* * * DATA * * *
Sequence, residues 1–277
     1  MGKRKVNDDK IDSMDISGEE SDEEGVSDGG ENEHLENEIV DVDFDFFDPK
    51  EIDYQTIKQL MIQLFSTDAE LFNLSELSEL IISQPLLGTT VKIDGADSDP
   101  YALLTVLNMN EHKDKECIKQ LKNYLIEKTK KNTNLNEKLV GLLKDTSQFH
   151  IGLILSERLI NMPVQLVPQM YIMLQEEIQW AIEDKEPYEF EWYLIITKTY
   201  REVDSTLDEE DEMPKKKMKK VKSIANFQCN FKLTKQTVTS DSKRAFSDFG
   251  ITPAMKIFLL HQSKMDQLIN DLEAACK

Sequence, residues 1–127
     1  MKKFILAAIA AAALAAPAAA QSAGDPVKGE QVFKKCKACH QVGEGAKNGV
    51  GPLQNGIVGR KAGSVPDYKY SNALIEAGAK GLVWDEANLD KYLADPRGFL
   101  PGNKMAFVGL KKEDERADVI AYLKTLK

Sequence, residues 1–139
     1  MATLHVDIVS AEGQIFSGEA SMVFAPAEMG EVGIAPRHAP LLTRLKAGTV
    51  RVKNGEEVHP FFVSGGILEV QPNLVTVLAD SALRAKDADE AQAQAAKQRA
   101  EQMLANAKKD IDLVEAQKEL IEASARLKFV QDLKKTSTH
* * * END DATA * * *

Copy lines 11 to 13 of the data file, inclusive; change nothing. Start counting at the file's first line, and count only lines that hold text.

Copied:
   101  PGNKMAFVGL KKEDERADVI AYLKTLK

Sequence, residues 1–139
     1  MATLHVDIVS AEGQIFSGEA SMVFAPAEMG EVGIAPRHAP LLTRLKAGTV